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The Dangers of Graphic-Intensive Software

Computer Vision Syndrome and the Importance of Prioritizing Health and Productivity in Software Design

By Avi Hartmann

Founder & Member of the Board

In 1977, Kenneth Harry Olsen, one of the pioneers of the computer world who had founded DEC ("Digital Equipment Corporation") in 1957, declared that “there was no reason for a private person to have a computer in their home”. At the time, DEC's sales had reached 14 billion dollars a year, and Olsen had been at the company's helm for 35 years. However, this statement has since become a striking example of business and technological short-sightedness.

This time, we'll discuss computer graphics and myopia, and how they can lead to a condition known as "computer vision syndrome". Numerous studies have already identified this syndrome, which is characterized by a range of symptoms. These include dry eyes, eye discomfort, general fatigue, difficulty concentrating, blurred or double vision, burning or difficulty focusing the eyes, unclear vision when looking into the distance, sensitivity to light, and neck or shoulder pain that can become quite uncomfortable.

If you are experiencing one or more of these symptoms while reading this, you are not alone: approximately 50% of people who work with computers face these challenges. Studies have shown that the cause is clear: the strain of looking at a computer screen puts a heavy burden on the eyes, which were not designed for such demanding work. Researchers have found that the constant effort required to focus on close objects for long periods can cause the focusing system to lock up, a phenomenon known as “Accommodative Spasms”. This means that the muscles responsible for focusing become strained and can lead to myopia, even in people who did not have it before. While impressive graphics may look good during the sales pitch, they can exact a price later on. In fact, excessive graphic design can also reduce concentration and hinder productivity, particularly during critical work moments.

At the start of the workday, the fleet is just starting up and activity is typically low. Issues or alerts tend to arise as workloads and traffic increase, and it's precisely at this point, after several hours of working with complex graphics, that concentration can begin to decrease.

The studies and phenomena we have mentioned are well-known among large companies, and many have taken steps to address them. One need only look at the significant graphic changes made by companies such as Microsoft, Google, and Facebook in their office software, moving away from screens overloaded with beautiful and colorful graphics to dark mode, screens with easily legible fonts, less graphic load, and fewer colors.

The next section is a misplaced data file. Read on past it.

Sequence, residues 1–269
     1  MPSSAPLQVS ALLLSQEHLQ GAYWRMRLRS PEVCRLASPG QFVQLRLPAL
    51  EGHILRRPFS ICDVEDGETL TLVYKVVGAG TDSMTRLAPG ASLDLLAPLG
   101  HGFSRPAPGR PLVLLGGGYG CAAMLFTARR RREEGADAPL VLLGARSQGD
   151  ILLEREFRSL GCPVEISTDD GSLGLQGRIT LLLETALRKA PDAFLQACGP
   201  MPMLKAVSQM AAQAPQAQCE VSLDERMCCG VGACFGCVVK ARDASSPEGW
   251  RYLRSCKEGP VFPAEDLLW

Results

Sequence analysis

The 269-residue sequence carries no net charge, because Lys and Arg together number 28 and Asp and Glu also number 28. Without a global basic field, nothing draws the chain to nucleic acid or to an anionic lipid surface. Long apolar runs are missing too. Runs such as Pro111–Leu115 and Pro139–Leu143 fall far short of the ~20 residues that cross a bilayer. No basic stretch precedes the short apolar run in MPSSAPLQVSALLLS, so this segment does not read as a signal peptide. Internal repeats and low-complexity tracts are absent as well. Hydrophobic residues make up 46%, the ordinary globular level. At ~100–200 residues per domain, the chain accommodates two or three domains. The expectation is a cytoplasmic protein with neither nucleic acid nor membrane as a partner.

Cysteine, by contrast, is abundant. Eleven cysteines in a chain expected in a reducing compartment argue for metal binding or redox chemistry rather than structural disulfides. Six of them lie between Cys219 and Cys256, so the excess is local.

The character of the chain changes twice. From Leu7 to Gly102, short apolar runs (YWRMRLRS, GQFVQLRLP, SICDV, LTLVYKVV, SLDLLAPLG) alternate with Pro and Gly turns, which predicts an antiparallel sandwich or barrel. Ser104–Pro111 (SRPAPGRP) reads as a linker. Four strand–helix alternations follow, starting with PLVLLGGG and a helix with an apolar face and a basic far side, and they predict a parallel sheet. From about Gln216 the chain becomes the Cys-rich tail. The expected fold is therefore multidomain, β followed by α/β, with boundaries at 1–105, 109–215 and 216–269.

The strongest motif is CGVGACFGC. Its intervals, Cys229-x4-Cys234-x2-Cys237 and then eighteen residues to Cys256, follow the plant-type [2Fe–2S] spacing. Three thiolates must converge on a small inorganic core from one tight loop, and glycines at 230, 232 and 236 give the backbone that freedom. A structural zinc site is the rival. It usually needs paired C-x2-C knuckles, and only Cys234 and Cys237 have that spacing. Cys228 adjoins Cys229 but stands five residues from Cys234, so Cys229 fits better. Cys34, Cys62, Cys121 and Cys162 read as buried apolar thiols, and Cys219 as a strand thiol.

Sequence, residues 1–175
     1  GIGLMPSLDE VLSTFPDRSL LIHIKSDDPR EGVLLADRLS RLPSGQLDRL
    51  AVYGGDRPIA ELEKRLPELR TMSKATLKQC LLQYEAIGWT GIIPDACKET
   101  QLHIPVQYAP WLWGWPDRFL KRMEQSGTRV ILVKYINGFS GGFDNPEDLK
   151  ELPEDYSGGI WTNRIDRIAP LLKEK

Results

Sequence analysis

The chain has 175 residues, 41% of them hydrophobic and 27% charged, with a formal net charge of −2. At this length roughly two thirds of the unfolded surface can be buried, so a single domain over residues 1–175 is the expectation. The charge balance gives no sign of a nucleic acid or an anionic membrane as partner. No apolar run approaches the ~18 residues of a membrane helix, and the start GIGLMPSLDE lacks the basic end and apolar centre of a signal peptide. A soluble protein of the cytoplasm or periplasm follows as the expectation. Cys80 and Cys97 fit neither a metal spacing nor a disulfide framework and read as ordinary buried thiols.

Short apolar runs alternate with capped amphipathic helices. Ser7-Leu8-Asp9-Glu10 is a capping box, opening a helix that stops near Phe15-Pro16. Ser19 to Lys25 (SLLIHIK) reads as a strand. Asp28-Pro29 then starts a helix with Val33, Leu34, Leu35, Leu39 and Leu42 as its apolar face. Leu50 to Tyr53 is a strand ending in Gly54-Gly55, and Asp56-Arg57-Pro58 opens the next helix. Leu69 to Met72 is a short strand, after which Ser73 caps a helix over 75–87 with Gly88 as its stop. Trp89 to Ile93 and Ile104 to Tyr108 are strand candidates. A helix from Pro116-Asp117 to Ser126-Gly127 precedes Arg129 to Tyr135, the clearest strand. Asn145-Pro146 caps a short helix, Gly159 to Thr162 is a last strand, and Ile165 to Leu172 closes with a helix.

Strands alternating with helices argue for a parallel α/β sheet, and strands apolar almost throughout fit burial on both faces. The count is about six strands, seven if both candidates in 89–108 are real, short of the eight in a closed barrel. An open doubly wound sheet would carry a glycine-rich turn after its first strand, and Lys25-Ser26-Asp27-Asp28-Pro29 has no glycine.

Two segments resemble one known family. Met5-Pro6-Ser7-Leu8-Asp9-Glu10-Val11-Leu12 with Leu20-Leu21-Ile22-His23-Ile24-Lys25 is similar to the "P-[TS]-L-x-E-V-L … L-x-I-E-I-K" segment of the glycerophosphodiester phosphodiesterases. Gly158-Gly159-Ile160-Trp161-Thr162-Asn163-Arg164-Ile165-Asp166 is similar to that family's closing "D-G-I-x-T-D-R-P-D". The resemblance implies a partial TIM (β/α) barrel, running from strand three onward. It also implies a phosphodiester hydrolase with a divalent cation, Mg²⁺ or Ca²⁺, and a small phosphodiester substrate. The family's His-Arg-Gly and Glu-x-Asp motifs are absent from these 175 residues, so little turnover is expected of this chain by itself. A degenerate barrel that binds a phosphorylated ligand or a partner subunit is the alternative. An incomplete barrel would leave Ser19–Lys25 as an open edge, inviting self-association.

Unfortunately, most companies in our field operate in precisely the opposite direction. For example, consider the features offered by companies like 3D tracking - - which illustrate the magnitude of the danger that awaits their users. This is just one example, but it represents the majority of companies in our field.

Several questions arise at this point. Have these companies read the studies? Are they not aware of the changes that we have seen in large corporations? We would like to assume that they have read the studies and are also aware of the changes.

The impression one gets is that they may be driven by a completely different motive, one that is not related to the use of the software but rather to sales. Graphic software may sell better than the same software with healthier graphics, as customers can be drawn into a false allure that comes at a high price when they start using the software. That price can be the loss of health and efficiency at work.

At Helios, we hold our customers in high regard, and we are willing to forego some sales in order to prioritize their health and long-term efficiency when using our software. We make adjustments to the font, contrast, and graphic load not because we are unable to design them as graphically intensive as or other competitors, but because we want to ensure that our customers are not harmed.

We believe that our customers deserve the best when it comes to their health and work efficiency, which is why we prioritize their well-being in every aspect of our software design. We hope that by reading this article, our customers will recognize the dangers of graphic-intensive software and choose to prioritize their health and productivity by using Helios Tracker. We also hope that our competitors will follow in the footsteps of industry giants and join us in prioritizing customer well-being. Join the Helios Tracker community today and experience the benefits of software designed with your health in mind.

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